These short stories give powerful perspectives from a cross section of voices in the contemporary Asian and Australian region. We are compelled to read on and consider each narrative’s unfolding drama. Of particular relevance and accessibility for my students would be a close study of two stories: ‘Love and Honour and Pity and Pride and Compassion and Sacrifice’ and ‘The Boat’.
‘Love and Honour and Pity and Pride and Compassion and Sacrifice’ reads as a memoir, rather than fiction. The drama unfolds in first person perspective from a strongly descriptive opening paragraph. Students could consider a range of language features effectively used to engage the reader as we learn of the strained relationship between son and father. There are several suitable candidates for a game I play with students known as Sentence of the Week: to consolidate our understanding and appreciation of literature, we nominate excellent examples of writing by nominating a particular sentence. Consider these:
Through the rain, the sky was as grey and striated as graphite.
I went to him, my legs goose-pimpled underneath my pyjamas.
In ‘The Boat’, we follow the perilous journey of Mai, an asylum seeking refugee. Numerous difficulties are depicted with gut wrenching clarity and provide a vivid reality for students who may have adopted stereotypical attitudes toward ‘illegals’. Consider these possibilities for Sentence of the Week:
She tried to recall her father’s stories – storm at sea, waves ten, fifteen metres high! – but they rang shallow against what she’d just seen: those dense roaring slabs of water, sky churning overhead like a puddle being mucked with a stick.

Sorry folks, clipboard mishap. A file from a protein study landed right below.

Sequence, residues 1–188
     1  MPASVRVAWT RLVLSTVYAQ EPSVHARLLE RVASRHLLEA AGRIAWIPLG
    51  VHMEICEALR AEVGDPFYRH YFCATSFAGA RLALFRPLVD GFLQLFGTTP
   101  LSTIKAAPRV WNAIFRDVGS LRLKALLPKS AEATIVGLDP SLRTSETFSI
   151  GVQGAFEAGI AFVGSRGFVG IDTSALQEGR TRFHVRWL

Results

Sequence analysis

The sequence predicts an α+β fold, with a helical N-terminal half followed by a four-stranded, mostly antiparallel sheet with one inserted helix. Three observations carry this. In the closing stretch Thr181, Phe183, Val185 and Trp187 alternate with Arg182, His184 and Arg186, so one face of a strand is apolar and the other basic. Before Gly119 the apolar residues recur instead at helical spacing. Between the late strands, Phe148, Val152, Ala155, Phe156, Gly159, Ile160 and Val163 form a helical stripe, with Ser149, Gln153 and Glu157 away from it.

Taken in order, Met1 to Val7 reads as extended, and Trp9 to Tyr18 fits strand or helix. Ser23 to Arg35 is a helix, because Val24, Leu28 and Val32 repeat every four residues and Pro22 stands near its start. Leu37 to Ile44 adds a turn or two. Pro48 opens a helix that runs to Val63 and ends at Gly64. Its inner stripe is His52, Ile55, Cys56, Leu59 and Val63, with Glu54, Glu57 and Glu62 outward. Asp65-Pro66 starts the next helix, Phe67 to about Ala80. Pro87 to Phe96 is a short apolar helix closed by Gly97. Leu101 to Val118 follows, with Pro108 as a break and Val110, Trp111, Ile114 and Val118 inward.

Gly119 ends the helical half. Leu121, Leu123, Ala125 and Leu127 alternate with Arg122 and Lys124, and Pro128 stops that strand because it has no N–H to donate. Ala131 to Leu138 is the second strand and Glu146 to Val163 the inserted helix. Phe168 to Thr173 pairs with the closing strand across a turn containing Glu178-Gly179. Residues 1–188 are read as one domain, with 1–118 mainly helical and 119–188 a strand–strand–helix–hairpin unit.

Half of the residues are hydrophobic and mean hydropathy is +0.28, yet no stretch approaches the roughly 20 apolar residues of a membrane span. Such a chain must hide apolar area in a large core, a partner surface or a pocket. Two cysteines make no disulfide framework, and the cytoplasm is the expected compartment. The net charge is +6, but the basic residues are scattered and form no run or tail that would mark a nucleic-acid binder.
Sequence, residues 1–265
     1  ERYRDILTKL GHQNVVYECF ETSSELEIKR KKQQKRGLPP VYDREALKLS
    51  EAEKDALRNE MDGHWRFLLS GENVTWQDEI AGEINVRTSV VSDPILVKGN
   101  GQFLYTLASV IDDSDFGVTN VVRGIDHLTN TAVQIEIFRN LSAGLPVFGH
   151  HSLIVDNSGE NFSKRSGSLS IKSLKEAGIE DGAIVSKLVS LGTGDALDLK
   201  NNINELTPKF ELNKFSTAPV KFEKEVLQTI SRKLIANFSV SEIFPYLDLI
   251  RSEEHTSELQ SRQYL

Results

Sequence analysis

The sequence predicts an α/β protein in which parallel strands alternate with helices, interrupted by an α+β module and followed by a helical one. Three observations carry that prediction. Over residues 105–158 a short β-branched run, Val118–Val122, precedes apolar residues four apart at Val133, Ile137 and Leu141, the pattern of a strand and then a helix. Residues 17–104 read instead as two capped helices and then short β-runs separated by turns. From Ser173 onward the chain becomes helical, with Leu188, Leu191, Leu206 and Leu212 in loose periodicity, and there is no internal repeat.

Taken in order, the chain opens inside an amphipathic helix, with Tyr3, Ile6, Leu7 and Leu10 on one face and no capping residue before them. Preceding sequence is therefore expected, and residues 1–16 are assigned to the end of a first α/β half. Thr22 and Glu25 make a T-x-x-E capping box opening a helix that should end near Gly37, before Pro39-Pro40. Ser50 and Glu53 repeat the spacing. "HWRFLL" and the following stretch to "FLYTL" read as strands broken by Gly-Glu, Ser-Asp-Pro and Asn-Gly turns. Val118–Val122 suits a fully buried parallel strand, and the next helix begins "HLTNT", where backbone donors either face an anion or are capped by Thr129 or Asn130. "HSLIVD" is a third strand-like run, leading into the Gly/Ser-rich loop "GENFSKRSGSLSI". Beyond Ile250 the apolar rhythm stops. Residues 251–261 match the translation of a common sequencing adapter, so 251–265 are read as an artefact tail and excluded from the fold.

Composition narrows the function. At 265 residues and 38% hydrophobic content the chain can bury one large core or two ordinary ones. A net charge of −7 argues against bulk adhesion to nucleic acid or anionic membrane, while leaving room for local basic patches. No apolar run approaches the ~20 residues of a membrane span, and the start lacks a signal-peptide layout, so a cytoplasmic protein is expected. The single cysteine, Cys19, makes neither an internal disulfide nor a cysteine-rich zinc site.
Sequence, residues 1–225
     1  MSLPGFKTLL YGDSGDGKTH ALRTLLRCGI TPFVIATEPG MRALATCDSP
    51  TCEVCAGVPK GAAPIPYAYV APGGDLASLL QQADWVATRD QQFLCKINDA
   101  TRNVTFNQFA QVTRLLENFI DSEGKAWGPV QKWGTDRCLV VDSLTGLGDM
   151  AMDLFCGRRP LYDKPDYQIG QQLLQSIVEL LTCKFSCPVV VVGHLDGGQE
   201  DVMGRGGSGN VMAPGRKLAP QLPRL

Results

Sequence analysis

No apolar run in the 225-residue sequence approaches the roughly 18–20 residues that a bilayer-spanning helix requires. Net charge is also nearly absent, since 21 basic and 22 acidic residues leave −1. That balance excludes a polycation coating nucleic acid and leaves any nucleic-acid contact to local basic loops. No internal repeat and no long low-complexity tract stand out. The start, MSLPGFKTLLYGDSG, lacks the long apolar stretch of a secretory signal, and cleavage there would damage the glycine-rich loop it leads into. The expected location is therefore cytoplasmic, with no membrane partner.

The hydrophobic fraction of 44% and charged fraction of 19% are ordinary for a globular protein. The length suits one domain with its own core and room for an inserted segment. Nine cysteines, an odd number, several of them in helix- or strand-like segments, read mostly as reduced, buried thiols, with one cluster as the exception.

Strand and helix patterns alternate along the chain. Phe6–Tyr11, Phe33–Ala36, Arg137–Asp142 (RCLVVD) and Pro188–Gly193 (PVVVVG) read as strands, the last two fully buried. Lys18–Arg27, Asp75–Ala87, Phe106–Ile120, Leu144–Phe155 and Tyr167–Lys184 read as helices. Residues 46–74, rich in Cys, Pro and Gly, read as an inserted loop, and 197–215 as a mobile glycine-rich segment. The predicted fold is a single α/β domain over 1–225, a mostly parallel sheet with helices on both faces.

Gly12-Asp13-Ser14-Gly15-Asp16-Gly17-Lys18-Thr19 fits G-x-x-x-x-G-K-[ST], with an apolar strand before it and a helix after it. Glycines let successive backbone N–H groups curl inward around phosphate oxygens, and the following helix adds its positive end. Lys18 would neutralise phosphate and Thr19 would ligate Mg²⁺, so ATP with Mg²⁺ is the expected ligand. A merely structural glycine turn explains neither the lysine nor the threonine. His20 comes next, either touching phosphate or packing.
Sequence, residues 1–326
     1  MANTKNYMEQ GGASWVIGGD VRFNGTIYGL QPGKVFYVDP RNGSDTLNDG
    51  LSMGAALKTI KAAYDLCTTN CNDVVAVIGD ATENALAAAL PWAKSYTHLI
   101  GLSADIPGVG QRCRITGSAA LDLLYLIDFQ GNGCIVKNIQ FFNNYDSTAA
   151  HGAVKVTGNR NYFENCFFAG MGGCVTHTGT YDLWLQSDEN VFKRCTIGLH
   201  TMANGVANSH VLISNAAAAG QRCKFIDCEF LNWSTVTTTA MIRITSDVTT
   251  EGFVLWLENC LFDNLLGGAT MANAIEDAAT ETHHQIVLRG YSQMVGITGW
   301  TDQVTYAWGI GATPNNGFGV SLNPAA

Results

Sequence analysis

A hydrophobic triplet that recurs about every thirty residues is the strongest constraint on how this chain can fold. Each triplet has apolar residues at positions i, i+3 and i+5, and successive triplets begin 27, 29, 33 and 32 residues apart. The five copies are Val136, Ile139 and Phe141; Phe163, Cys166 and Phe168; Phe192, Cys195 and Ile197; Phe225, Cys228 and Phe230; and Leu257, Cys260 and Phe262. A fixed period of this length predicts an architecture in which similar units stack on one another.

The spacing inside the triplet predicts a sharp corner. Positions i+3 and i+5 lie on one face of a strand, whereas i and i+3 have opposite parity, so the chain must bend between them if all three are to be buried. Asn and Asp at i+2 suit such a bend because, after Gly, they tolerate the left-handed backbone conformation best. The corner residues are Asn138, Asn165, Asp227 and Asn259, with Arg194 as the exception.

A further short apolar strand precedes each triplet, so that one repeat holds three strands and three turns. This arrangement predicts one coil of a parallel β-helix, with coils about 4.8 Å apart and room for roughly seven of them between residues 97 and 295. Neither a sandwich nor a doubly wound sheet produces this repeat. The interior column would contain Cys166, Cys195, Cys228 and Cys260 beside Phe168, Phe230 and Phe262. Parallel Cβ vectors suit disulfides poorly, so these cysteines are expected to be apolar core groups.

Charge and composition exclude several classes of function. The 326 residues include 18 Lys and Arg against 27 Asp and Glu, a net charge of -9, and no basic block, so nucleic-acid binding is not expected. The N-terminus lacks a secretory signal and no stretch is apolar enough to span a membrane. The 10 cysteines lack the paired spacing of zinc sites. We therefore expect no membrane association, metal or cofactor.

Time, which had distended every moment on the boat – until there had seemed to be no shape to it – seemed now to snap violently shut, crushing all things into this one task.
The bio from the inside back cover of my edition informs us that “Nam Le was born in Vietnam and grew up in Melbourne. He is currently the fiction editor at the Harvard Review. His stories have appeared in numerous magazines and anthologies, and his awards include the Dylan Thomas Prize, a US National Book Foundation ‘5 Under 35’ Selection, the Pushcart Prize and the Michener-Copernicus Society of America Award. The Boat, his first book, has been translated into eleven languages.”
Published by Penguin Books in 2008, The Boat is a featured text on the Reading Australia website
The ‘Publishers Synopsis’ on the website states: The Boat takes us from a tourist in Tehran to a teenage hit man in Colombia; from an aging New York artist to a boy coming of age in a small Victorian fishing town; from the city of Hiroshima just before the bomb is dropped to the haunting waste of the South China Sea in the wake of another war. Each story uncovers a raw human truth. Each story is absorbing and fully realised as a novel. Together, they make up a collection of astonishing diversity and achievement.